[Note 3 in "J. D. Harding and John Ruskin on Nature's Infinite Variety," which originally appeared in The Journal of Aesthetics and Art Criticism, 38 (1970)]

Although neither Ruskin nor Harding seem aware of the fact, the comparison could hardly be just since the origins of the Liber Veritatis and Liber Studiorum differed so importantly. A. J. Finberg, The Life of J. M. W. Turner, R. A., 2nd ed. (Oxford, 1961), p. 129, explains the fundamental difference between John Earlom's engravings of Claude's rough studies, published by Josiah Boydell as the Liber Veritatis, and Turner's Liber Studiorum:

Claude's Book of Truth or Libro d'lnvenzioni was a book in which he recorded the compositions of pictures he had painted. These rough pen and sepia memoranda were not intended for publication, nor were they regarded as independent works of art. It was only long after the artist's death that they were pounced upon by an enterprising publisher who skillfully exploited Claude's reputation.... Wells [a close friend of Turner] thought that Turner would be victimized in the same way as Claude unless he took steps to forestall the Boydells and Earloms of the future.... Turner's motive was to make his reputation safe with posterity.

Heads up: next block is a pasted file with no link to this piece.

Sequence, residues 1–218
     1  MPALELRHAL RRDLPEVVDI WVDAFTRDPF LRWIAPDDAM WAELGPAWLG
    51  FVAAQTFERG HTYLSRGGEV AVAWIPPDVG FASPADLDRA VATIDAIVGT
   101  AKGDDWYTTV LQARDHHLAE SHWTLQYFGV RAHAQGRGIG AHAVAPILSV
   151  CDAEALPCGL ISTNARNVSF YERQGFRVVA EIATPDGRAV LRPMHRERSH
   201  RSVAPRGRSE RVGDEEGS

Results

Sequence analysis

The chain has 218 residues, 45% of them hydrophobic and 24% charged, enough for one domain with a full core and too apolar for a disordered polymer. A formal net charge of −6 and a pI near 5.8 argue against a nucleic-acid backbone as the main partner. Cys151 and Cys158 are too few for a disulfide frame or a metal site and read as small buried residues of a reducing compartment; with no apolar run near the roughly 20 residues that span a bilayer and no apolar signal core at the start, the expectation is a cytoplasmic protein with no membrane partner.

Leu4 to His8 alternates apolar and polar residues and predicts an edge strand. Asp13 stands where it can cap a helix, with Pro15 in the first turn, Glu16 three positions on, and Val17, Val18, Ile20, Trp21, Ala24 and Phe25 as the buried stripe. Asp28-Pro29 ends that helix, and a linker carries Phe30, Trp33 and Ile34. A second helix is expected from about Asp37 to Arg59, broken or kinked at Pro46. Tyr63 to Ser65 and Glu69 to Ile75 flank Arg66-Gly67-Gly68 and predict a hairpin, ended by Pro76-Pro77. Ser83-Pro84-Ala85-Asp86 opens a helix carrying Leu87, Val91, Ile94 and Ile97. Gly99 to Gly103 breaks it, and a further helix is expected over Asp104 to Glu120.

One does not have to agree with Finberg's assertion that such self-protection was the artist's only motive to see that the modern had an unfair advantage on the ancient.


Last modified 27 November 2004